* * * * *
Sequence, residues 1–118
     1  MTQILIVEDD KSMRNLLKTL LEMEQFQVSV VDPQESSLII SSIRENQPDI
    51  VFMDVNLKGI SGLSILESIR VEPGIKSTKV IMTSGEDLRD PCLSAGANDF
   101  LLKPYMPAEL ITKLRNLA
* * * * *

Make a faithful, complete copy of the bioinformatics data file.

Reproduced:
Sequence, residues 1–118
     1  MTQILIVEDD KSMRNLLKTL LEMEQFQVSV VDPQESSLII SSIRENQPDI
    51  VFMDVNLKGI SGLSILESIR VEPGIKSTKV IMTSGEDLRD PCLSAGANDF
   101  LLKPYMPAEL ITKLRNLA